Key Skills, Technical Background and Experience Required

UNICEF is looking for a experiences team of consultants (either contracting as individuals or an internationally recognized institution with the capacity to undertake quality work within a short space of time. The institution/individuals should have proven knowledge, expertise and experience in the area of programme reviews, mid-term reviews, country programme development as well as organizational change with UN agencies, preferably including UNICEF. Interested companies should meet the following minimum qualification criteria:

If Institution:

  • Officially registered legal entity.
  • At least 7 years proven relevant experience in conducting management and programme reviews, mid-term reviews, country programme development and supporting organizational change processes.
  • The company should share at least 3 samples of previous work done.

Team composition:

The proposed team should comprise of at least two professionals, including a team leader who should be experienced in organizational change management. The team members’ qualifications should meet the following criteria:

Team lead:

  • Advanced university degree in business administration or related field.
  • At least 10 years in supporting organizational change processes, organizational design, skill mapping and workforce planning, including within the UN. Relevant experience within UNICEF will be considered an asset.
  • Previous work experience at a senior level with UNICEF is strongly preferred; experience with another UN Agency is an asset.
  • Excellent communication skills – both written and verbal.
  • Excellent active listening skills.
  • Problem-solving and root cause identification skills.
  • Strong analytic and decision-making abilities.
  • Must be a team player and able to work with and through others.

Second team member – programme review expert:

  • Advanced university degree in Social Science, Sociology, Development Studies or related field.
  • At least 8 years of experience in leading strategic planning processes, including demonstrated experience in leading UNICEF CPD development processes, strategic prioritization, ToC development.
  • Strong understanding of results based management.
  • Familiarity with UNICEF mandate, programming principles, planning tools, approaches, and guidelines.
  • Excellent communication, facilitation and writing skills

Terms and Conditions

  • UNICEF will not provide laptops or desk top computers. The consultant/institution will provide own laptops.
  • The consultants will work from their own office.
  • As per UNICEF DFAM policy, payment is made against approved deliverables. No advance payment is allowed unless in exceptional circumstances against bank guarantee, subject to a maximum of 30% of the total contract value in cases where advance purchases, for example for supplies or travel, may be necessary.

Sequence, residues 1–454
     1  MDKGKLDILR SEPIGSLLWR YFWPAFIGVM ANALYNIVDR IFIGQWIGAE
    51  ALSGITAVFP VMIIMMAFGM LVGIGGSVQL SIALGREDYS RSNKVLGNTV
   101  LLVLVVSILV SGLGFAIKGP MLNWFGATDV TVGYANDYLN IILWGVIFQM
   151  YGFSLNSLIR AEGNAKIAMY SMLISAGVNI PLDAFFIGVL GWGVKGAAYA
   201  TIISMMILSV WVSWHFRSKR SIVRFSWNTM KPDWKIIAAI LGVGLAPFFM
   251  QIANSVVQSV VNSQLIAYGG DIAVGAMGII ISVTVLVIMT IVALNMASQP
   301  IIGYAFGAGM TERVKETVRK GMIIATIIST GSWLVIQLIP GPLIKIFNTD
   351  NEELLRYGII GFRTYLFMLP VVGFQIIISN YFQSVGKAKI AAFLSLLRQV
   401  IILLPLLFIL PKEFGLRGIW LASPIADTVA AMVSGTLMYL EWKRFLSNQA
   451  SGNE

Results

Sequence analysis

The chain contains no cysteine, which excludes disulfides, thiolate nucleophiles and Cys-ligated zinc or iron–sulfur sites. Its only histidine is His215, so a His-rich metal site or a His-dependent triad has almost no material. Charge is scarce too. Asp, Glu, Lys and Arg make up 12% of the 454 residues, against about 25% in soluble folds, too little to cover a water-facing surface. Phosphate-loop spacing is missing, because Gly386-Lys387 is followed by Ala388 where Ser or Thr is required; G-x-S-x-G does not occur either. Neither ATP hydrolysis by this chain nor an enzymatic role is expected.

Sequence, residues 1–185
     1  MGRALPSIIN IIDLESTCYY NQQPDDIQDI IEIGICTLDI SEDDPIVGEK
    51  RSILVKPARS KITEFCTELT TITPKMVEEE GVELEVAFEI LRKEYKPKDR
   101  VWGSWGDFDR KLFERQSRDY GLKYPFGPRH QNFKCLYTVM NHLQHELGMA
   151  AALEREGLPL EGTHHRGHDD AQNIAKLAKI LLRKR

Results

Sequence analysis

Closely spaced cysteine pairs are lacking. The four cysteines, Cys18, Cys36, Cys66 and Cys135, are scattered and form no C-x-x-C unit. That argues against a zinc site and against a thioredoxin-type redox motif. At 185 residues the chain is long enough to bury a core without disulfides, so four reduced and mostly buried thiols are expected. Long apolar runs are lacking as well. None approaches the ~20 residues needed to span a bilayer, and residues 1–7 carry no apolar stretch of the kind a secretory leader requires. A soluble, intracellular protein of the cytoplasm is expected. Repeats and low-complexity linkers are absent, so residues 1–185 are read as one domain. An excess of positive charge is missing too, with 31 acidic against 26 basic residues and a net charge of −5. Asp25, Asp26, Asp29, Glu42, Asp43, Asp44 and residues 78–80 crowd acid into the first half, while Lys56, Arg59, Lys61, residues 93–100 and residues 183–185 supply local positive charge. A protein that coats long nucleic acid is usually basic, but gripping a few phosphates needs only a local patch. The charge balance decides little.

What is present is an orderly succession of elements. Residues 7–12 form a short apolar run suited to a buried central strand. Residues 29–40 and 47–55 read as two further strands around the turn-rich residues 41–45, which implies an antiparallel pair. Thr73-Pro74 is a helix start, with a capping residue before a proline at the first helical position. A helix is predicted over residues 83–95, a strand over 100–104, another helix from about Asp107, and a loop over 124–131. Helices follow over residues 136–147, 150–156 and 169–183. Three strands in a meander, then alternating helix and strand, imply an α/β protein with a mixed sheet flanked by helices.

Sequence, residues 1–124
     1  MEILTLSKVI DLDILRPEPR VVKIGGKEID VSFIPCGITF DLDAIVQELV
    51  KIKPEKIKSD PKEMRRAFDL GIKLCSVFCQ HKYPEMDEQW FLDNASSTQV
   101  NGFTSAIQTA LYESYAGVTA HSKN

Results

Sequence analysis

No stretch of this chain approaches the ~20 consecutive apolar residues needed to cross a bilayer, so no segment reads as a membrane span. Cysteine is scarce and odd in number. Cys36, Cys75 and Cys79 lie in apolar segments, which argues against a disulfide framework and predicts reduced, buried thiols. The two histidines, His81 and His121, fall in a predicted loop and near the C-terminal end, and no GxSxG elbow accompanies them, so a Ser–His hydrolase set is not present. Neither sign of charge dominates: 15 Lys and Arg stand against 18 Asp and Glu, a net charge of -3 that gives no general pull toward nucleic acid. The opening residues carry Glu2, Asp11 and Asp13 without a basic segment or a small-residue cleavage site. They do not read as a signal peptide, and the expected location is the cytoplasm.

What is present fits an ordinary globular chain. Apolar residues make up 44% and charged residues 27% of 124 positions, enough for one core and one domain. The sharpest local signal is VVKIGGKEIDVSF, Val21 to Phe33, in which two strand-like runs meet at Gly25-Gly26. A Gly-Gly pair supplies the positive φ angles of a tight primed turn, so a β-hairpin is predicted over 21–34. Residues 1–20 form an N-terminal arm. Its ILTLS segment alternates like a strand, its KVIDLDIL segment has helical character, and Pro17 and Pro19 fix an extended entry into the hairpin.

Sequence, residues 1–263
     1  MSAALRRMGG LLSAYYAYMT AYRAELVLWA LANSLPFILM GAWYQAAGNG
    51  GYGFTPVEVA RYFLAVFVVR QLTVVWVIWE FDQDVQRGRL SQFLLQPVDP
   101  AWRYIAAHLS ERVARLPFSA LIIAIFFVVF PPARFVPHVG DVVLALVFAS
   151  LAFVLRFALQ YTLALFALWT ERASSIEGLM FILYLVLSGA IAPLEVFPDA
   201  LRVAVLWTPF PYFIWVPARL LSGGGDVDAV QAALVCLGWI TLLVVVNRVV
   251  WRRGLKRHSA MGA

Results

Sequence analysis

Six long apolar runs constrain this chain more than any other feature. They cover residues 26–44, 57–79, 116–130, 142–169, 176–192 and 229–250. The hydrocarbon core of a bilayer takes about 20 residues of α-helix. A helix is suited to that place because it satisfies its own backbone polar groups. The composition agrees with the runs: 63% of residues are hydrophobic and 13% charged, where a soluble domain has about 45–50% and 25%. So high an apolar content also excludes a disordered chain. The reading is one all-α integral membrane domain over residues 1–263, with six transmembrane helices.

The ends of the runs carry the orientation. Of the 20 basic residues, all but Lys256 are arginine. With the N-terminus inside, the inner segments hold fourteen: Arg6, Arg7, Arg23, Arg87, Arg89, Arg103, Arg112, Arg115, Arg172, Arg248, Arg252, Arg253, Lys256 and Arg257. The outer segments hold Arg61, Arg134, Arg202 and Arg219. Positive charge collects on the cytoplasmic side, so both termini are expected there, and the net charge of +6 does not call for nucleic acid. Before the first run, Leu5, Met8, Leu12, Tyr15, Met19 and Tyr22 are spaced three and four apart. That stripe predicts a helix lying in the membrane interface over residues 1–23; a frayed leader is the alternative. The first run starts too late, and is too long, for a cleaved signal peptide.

The team/firm selected will be governed by and subject to UNICEF’s General Terms and Conditions for institutional contracts or individual contracts, depending on the contracting modality.


A critical risk to the success of this assignment is potential hesitancy by UNICEF staff to engage with the process constructively and resistance to the change that will be proposed. To mitigate this risk, it is therefore essential to design an inclusive and consultative process throughout the entire exercise. A further risk lies in the time-sensitivity of the assignment and in timelines not being met due to the need for extended consultations. This risk will need to be mitigated through a detailed work plan and timelines and by adhering closely to those plans.

Technical Evaluation Criteria and Relative Points

The bidding institutions / individuals will be assessed based on agreed criteria. The applicants will firstly be evaluated on their technical capacity by a team of UNICEF staff. After this, a financial evaluation will be conducted. The ratio between technical and financial offer weight will be 70/30 and only applicants who will receive a minimum of 55 points under a technical evaluation will be considered technically compliant and assessed on price proposal. Technical proposals must be separate from financial offers.

The Technical Proposal should include but not be limited to the following:

Methodology: Detailed Methodology / approach to requirements detailing how to meet or exceed UNICEF requirements for this assignment and how the process will be inclusive and consultative.

Company Profile: Ensure to include information related to the experience of the company as required.

References: Details of similar assignments undertaken in last three years including the following information:

  • Title of Project
  • Year and duration of project
  • Scope of Project
  • Outcome of Project
  • Reference / Contact persons

Work Plan: Proposed work plan showing detailed sequence and timeline for each activity and man days of each proposed team member

Team Composition: Title and role of each team member

CVs: CV of each team member (including qualifications and experience)

How to Apply

Institutional and individual proposals should be sent to: BTW_[email protected]

Any enquiries regarding this advert should be sent to the above emails.